Pesach is my favourite holiday.
This is probably surprising given my otherwise enormous love of bread, beer, and other fermented grain products (many of which are distilled relatively near to my current home). But I enjoy the suspension of the normal order of everyday activities, the one week a year when I’m pretty much forced to plan ahead and eat at home, the special foods that only get made during that one week.
I love the cleaning, the pulling out fresh linens and special plates.
I love the seder liturgy. I often find myself arguing that everything you could want to know about Jewish belief and practice is embedded somewhere in the haggadah.
The holiday engages me on every single level.
Except, this year… not so much.
I’ve been kind of in the dumps since finishing my thesis back in January. Mostly, this is due to the difference between expectations and reality. I EXPECTED to finish the thesis and immediately depart for a week or so on a tropical island, resting, regaining mental equilibrium, and watching the ocean. Maybe sipping a few fruity drinks with umbrellas in them, and reading trashy detective novels. I kept that tropical island firmly in my mind while sitting in my office, swathed in scarf, fingerless gloves, and a hat (not saying the University turned the heat off, just saying they didn’t really turn it up to combat the drop in temperature), typing away till two or three in the morning while the snow swirled outside. That tropical island was the carrot that got me over the finish line. I developed a very intense relationship with the idea of that tropical island.
Instead, I turned it in and proceeded to stay in dark, cold, damp Scotland, teaching a class on Koheleth, which is possibly the most miserably depressing book in the Hebrew Bible… as if the weather weren’t enough on its own. So I was exhausted and a bit grumpy that I couldn’t give myself the tropical cookie I’d promised myself, and then I proceeded to work through a few more months, and now the teaching term is over and I have taken some time off but still not quite enough to recover my energy, though enough that I feel like I SHOULD have recovered, so what’s wrong with me?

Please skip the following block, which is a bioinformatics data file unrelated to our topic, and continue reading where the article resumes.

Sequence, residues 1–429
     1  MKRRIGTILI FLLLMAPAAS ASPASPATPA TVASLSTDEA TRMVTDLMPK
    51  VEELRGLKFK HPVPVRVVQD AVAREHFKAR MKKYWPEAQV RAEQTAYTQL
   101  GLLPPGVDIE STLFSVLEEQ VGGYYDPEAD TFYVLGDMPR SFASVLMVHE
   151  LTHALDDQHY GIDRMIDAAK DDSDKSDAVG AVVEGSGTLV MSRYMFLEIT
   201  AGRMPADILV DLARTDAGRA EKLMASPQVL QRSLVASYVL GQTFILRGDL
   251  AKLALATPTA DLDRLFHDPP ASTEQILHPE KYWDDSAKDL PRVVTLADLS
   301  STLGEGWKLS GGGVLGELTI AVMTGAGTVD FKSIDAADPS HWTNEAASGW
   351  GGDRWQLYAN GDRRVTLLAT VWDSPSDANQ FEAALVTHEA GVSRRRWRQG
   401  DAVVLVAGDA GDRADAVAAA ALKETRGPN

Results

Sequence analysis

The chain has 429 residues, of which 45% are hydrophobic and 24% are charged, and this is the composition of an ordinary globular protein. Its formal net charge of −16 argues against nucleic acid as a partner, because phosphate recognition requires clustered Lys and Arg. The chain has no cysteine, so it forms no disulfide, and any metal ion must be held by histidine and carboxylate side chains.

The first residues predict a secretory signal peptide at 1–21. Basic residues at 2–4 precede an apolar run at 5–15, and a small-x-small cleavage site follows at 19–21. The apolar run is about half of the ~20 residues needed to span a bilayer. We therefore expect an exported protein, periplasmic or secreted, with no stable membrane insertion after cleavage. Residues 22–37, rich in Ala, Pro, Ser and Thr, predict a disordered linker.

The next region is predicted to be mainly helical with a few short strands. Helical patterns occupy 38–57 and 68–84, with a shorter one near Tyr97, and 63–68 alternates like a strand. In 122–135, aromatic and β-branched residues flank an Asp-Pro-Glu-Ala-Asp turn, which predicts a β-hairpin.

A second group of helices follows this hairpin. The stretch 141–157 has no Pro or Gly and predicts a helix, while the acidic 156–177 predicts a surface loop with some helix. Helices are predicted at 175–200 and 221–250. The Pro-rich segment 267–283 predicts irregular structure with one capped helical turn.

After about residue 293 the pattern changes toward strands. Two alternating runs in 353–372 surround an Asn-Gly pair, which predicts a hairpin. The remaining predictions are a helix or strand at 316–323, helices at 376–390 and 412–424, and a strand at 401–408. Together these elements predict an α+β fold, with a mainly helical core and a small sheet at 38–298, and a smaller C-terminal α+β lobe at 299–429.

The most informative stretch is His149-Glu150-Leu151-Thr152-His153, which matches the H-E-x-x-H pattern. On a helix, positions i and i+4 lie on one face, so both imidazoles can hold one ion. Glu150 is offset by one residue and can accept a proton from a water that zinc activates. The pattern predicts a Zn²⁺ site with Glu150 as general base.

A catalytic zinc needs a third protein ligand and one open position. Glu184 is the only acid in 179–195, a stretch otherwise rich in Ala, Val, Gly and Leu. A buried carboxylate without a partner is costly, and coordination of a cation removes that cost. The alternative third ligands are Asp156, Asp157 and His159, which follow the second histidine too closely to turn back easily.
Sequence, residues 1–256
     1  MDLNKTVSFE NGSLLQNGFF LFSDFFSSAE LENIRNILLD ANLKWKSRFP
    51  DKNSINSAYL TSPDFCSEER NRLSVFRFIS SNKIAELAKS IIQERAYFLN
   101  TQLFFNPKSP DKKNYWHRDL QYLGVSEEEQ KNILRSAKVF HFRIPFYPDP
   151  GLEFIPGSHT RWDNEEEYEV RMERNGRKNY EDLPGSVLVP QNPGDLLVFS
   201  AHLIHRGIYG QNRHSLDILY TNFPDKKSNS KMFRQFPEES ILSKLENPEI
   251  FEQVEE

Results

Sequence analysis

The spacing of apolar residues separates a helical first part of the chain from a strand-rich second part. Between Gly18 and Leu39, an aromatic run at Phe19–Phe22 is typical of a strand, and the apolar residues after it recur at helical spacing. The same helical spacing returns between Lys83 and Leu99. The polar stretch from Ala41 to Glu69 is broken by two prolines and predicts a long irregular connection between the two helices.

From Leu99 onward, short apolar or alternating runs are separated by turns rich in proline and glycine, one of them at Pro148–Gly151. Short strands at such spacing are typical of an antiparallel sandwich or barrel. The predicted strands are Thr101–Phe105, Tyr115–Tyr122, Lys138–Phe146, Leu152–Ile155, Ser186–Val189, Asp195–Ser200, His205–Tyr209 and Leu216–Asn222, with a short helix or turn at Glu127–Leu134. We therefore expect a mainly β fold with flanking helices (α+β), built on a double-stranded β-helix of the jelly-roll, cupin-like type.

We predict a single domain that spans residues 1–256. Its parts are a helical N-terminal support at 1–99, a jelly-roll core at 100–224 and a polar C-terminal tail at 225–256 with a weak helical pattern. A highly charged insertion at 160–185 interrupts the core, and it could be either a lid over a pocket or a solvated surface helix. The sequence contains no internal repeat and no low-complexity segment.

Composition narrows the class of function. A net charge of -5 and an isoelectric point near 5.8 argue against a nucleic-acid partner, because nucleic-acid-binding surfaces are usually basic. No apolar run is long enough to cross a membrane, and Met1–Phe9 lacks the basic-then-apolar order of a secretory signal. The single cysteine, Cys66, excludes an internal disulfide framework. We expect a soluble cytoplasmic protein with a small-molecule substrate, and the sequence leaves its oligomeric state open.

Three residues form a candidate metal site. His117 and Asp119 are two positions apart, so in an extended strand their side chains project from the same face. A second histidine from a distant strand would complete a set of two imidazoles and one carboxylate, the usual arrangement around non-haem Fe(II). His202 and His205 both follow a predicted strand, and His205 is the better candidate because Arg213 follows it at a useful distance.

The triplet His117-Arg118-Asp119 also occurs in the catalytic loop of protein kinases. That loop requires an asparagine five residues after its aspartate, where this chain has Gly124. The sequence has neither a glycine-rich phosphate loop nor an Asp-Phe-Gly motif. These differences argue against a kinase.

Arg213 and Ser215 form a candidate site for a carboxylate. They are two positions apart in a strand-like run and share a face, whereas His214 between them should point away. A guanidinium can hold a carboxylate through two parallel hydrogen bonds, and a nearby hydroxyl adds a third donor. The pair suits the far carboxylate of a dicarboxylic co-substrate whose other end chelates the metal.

Don’t try to answer that question.
So I started trying to look forward to Pesach, but couldn’t quite get myself psyched up for cleaning, and couldn’t manage to rally a big crowd of people to make seder for, and then found out that Mark’s parish grouping is doing services every single night this week, so even if we had people who wanted to come, seder couldn’t start till nearly nine at night and due to the oddities of Scottish tenement architecture our kitchen is directly above our downstairs neighbours’ bedroom, so starting seder at 9 on a weeknight is just not a good idea. So I didn’t really get excited about cooking, either, until about two o’clock this afternoon. (I’ll get more excited tomorrow. Mmmm, matzoh granola.) And did I mention that we’ve moved twice since December and are moving again sometime this summer, and nearly every nice thing we own is still in boxes because who wants to unpack and repack that many times–and, by the way, ‘every nice thing we own’ includes both of my seder plates? And because I packed those boxes back in November, when Passover seemed so very far away, they’re on the bottom of the boxes.
And to top it all off, IT’S FREAKING SNOWING.
On the first day of Passover.
I think I’m going to try this again tomorrow.
 OK, look, I love Scotland. Usually, I even love the variety in the weather. But this winter… this winter has been just a little bit much. Not saying I want to move to Morocco, or anything, just that I’ll be really, really happy when summer gets here. Any day now…
 Dear students, yes, it was an awesome class and you were a joy to teach. I just deeply wish that I could have had that joy after a brief holiday, not instead of a brief holiday.